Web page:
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Molecular brush-conjugated antisense oligonucleotide as a pan-KRAS depletion agent

Award Information
Agency: Department of Health and Human Services
Branch: National Institutes of Health
Contract: 4R42CA275425-02
Agency Tracking Number: R42CA275425
Amount: $1,030,054.00
Phase: Phase II
Program: STTR
Solicitation Topic Code: NCI
Solicitation Number: PA21-262
Timeline
Solicitation Year: 2021
Award Year: 2023
Award Start Date (Proposal Award Date): 2023-09-01
Award End Date (Contract End Date): 2025-08-31
Small Business Information
13 ELIOT ST
Natick, MA 01760-6040
United States
DUNS: 117142176
HUBZone Owned: No
Woman Owned: No
Socially and Economically Disadvantaged: No
Principal Investigator
 KE ZHANG
 (617) 373-2000
 k.zhang@neu.edu
Business Contact
 KE ZHANG
Phone: (617) 373-2000
Email: pacdnatx@gmail.com
Research Institution
 NORTHEASTERN UNIVERSITY
 
360 HUNTINGTON AVE, 177-500
BOSTON, MA 02115-5005
United States

 Nonprofit College or University
Abstract

Project Summary/Abstract
Mutant forms of KRAS are a key driver in human tumors but remain partially refractory to therapeuticintervention. After over three decades of research, only a single inhibitor (sotorasib) targeting a singlemutation (KRASG12C) have reached market. The difficulty for developing small molecule KRAS inhibitorshas heightened the importance of alternative methods targeting the oncogene. One such strategyinvolves therapeutic nucleic acids, which make it possible to deplete target proteins that are intractable toconventional drug modalities. We have developed a novel form of nucleic acid therapeutics, termedBrushield™ conjugate, which substantially enhances the antitumor activity of antisense oligonucleotides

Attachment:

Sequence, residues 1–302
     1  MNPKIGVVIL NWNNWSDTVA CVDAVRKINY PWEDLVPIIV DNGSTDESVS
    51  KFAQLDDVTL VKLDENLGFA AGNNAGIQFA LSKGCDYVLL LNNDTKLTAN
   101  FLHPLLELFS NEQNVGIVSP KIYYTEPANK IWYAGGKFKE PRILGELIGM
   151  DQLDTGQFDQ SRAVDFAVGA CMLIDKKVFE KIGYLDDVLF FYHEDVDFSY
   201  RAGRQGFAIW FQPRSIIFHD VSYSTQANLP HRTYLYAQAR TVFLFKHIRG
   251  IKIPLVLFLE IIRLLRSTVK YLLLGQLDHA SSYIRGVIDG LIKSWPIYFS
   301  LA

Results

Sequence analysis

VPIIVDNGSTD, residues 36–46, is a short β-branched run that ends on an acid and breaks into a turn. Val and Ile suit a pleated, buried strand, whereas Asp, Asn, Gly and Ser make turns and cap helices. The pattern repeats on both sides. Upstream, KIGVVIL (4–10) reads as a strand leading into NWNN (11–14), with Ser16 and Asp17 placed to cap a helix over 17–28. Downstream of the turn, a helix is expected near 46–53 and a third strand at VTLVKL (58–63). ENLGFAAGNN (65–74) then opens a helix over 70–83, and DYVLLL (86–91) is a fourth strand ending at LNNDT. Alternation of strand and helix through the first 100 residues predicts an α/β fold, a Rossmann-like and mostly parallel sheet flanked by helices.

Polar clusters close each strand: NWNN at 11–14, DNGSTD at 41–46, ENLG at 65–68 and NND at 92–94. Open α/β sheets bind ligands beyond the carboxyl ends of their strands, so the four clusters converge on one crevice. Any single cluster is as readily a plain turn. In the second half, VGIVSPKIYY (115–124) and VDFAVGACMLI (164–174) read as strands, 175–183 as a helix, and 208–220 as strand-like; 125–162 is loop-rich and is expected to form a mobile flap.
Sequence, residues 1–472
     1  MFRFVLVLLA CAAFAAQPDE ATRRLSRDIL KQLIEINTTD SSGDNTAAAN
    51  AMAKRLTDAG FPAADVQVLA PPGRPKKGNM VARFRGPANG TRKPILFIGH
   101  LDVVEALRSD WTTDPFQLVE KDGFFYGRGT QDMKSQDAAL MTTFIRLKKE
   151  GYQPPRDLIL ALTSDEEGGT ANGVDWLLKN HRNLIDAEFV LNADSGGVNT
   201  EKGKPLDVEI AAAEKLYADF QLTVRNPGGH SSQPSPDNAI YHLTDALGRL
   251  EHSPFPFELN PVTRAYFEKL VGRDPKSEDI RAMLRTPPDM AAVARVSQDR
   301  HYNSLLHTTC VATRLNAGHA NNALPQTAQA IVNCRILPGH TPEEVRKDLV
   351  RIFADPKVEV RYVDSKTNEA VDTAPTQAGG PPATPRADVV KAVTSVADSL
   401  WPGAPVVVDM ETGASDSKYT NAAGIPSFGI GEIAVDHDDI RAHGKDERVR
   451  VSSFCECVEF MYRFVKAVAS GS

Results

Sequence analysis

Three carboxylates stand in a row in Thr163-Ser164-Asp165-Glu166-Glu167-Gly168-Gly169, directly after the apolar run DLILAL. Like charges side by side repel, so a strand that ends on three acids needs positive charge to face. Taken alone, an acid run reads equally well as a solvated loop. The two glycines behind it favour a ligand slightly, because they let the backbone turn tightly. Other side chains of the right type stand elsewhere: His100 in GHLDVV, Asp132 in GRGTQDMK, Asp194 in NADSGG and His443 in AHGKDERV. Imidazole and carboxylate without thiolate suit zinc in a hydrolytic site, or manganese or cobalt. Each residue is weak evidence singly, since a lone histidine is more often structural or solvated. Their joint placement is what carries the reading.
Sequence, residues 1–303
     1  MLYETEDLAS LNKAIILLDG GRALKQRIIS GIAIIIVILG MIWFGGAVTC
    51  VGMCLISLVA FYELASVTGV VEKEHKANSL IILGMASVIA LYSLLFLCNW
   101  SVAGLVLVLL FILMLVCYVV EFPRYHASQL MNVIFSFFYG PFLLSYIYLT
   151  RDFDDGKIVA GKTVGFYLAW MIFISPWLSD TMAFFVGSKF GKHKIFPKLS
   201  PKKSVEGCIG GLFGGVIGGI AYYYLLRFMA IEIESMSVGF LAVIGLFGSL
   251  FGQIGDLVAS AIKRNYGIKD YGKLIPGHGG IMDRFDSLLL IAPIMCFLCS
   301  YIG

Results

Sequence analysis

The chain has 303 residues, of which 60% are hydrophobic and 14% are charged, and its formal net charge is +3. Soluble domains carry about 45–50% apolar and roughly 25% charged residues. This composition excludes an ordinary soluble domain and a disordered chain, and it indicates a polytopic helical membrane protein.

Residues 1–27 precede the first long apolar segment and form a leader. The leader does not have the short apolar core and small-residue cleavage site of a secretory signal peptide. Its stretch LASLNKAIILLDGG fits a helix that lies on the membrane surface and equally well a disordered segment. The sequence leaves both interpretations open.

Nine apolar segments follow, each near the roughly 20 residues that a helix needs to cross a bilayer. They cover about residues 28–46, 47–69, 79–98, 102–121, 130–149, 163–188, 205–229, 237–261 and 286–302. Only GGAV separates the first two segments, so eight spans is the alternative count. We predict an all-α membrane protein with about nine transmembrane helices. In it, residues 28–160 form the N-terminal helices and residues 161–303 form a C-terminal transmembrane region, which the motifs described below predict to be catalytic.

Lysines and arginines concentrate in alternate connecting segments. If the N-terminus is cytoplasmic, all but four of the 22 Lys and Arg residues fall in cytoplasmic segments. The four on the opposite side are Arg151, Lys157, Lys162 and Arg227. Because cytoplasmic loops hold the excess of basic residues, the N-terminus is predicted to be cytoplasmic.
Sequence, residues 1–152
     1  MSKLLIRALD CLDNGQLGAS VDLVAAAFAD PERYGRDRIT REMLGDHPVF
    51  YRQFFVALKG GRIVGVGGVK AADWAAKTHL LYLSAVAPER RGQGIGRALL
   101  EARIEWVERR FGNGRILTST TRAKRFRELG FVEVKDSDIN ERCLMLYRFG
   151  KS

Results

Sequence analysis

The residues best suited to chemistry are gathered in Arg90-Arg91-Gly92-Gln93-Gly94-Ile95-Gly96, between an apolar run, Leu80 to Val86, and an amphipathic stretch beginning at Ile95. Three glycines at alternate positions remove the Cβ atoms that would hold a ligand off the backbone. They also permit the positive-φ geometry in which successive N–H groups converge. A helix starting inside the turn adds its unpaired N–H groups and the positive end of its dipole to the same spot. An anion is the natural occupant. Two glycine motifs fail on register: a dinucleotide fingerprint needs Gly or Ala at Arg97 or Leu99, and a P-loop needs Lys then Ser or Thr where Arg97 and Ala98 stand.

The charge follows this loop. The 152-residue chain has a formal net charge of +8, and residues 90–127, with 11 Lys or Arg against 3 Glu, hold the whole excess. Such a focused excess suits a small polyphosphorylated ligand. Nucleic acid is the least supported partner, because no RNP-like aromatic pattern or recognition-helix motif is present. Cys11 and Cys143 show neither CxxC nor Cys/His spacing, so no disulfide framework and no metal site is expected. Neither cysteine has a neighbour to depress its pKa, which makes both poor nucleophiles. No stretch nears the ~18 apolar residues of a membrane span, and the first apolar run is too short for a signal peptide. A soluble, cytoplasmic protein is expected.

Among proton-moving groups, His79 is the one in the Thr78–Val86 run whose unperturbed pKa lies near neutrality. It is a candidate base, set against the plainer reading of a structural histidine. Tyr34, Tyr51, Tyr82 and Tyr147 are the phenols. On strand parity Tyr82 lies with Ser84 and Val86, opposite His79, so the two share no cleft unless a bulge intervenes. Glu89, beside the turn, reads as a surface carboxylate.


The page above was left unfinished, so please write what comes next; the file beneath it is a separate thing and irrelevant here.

by elevating in vivo stability, accelerating cellular uptake, and improving plasma pharmacokinetics andtumor accumulation, allowing for a much lower dosage to be used compared to conventional methods.The conjugate also suppresses nearly all side effects associated with traditional nucleic acid drugs byreducing unwanted nucleic acid-protein interactions. The goal of this proposal is to lay the groundworkfor translating the technology towards the clinic. In Phase I, we will optimize the structure of theBrushield™ conjugate, and enhance current indication using a panel of non-small cell lung cells andmouse xenograft models. Upon reaching set quantitative milestones, we will subject the conjugate tomore relevant animal models (orthotopic and patient-derived xenograft models), and perform tolerability
and pharmacokinetic studies in mice and monkeys (Phase II). These studies will allow us to pursue anIND filing at the end of the project.

* Information listed above is at the time of submission. *

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